South Oubangui: “the zone faces a chronic under-development”

The Democratic Republic of Congo (DRC) has faced an influx of Central African refugees since 2013. In South Oubangui, refugees crossed the Oubangui River long ago to settle among the Congolese populations. Première Urgence Internationale has been working in the country since 2001. Benoït Ralu is “multisector approach” project manager. He explains what this approach brings to the project.

Nos équipes travaillent dur pour permettre le relèvement économique en RDC

Who are the populations affected by the refugee crisis in the DRC?

“In 2013, the new outbreak of violence in the Central African Republic (CAR) between different militias and armed groups led to massive population leaks. Political instability has spread in the country and violence is intermittent. Since then, there have been regular movements of Central Africans crossing the Oubangui River – the river that serves as a border between the CAR and the DRC – to seek refuge by their Congolese neighbours. There are currently more than 100,000 Central African refugees in the DRC, mainly in the regions of North and South Oubangui and Bas-Uele. (1)

These refugees organise themselves into camps along the border or integrate within the communities themselves. Indeed, there is geographical but also ethnic proximity between refugee populations and local populations. But in a region that suffers from many problems, this only increases the number of vulnerable people. Refugee populations, even if well integrated in communities, have the same levels of vulnerability as host populations.

This proximity has other unexpected consequences too. There are more and more crossings of populations from the DRC who, for lack of assistance and lack of food, cross to the other side to recover food in the CAR’s abandoned fields. Many make regular trips between DRC and RCA.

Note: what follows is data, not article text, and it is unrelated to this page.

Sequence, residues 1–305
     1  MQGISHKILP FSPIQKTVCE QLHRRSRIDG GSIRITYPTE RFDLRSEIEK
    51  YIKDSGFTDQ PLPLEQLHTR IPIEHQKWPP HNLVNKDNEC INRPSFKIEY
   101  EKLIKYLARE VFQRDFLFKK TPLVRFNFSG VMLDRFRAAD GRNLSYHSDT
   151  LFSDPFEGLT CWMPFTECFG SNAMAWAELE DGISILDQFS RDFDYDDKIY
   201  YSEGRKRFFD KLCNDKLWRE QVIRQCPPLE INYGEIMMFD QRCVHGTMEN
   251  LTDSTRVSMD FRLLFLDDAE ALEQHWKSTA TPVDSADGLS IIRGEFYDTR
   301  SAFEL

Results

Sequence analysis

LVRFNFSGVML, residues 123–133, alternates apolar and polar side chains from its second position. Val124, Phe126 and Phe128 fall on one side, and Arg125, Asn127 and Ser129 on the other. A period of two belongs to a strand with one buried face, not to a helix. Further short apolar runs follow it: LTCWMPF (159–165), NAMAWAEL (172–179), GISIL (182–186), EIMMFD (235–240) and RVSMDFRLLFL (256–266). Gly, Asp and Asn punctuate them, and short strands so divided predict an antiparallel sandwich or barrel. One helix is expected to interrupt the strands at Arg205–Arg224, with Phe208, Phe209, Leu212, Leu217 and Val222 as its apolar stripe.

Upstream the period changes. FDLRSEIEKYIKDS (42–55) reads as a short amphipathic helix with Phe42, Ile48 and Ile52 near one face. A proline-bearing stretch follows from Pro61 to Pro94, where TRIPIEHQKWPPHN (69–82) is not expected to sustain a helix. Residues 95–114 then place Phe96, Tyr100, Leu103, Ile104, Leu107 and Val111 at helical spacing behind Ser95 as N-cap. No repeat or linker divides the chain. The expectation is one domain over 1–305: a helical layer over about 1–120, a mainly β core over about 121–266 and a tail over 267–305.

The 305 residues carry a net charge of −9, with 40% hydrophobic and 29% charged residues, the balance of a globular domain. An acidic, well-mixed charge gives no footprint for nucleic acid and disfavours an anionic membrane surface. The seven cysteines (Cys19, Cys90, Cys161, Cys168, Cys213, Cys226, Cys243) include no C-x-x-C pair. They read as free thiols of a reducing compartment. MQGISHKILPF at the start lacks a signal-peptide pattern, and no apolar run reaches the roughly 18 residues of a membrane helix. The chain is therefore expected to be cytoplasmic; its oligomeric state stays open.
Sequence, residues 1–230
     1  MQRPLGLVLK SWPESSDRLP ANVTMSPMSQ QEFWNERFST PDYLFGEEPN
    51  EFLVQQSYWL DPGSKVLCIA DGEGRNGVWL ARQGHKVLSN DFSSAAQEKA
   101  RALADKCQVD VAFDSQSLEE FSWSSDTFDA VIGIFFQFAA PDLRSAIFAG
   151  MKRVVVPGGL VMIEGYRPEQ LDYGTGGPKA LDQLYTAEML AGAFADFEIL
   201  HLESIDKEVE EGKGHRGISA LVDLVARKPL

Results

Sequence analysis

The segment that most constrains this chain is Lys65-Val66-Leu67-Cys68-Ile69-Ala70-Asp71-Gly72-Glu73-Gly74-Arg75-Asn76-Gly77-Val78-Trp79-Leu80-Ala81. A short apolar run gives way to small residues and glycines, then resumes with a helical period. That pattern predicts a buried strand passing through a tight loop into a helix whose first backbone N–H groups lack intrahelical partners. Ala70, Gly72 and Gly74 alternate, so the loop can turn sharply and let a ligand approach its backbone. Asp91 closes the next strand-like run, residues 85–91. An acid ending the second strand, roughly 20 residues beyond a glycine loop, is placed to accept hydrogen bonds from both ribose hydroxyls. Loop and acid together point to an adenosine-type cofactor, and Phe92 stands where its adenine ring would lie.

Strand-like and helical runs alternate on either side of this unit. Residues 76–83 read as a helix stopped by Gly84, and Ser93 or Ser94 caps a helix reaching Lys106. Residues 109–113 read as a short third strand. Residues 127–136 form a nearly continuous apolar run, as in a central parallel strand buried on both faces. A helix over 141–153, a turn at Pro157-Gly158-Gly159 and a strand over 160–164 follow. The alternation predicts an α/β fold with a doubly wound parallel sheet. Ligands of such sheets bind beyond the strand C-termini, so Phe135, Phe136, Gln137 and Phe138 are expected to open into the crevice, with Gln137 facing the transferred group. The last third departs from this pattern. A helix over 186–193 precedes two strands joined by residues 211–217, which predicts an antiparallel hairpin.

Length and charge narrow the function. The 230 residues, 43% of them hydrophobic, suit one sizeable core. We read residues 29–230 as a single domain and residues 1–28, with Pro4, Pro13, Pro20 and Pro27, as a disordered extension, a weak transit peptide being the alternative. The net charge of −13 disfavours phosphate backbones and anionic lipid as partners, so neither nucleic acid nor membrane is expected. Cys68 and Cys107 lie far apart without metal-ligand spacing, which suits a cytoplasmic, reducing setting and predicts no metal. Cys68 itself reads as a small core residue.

What types of needs are there in South Oubangui?

The general finding is chronic underdevelopment. Agricultural production is much too low, which has a negative impact on populations’ nutrition and food security. There is also a problem of access to basic services, in addition to an economic isolation and a lack of available infrastructure. However, it is an area that knows few security problems, which “facilitates” our intervention.

From that observation and the possibility of setting up a long-term resilience strategy, we decided to develop a multi-sectoral project in the area.

A multisector project, what is it?

A multisector project is, as its name indicates, a transversal project that covers several sectors. For example: health, nutrition, food security, camp management, water, hygiene and sanitation etc. Through a multi-sectoral project, our responses in each of these areas will be coordinated with each other. Thus, an intervention in one sector will reinforce the other actions on other sectors, allowing a virtuous circle.

How is it going to help the populations?

We are on a crisis in South Oubangui which is no longer an emergency crisis but a crisis of recovery assistance. To best help them, an approach that takes into account all the needs of the population is needed. Each improvement in one sector has a positive impact in others and makes it possible to respond more fully to needs. This allows us to reduce vulnerability and create “long-term” recovery and empowerment dynamics.

Concretely, in this zone, we try both to reinforce the existing structures – agricultural, roads, etc. – and also to rebuild the livelihoods of the local and refugee populations. We work mainly off-camp with the objective of providing a response based on a community approach. We consider people in terms of vulnerability and not in terms of status. In other words, we do not focus solely on helping people because of their refugee status, for example. We will provide support to all populations with significant vulnerabilities. Our actions therefore help local populations and refugee populations in the same way according to their needs and to create regional recovery dynamics. ”

(1) About 103,000 Central African refugees settled in the provinces of North and South Ubangi as well as in Lower Uele were registered by UNHCR.

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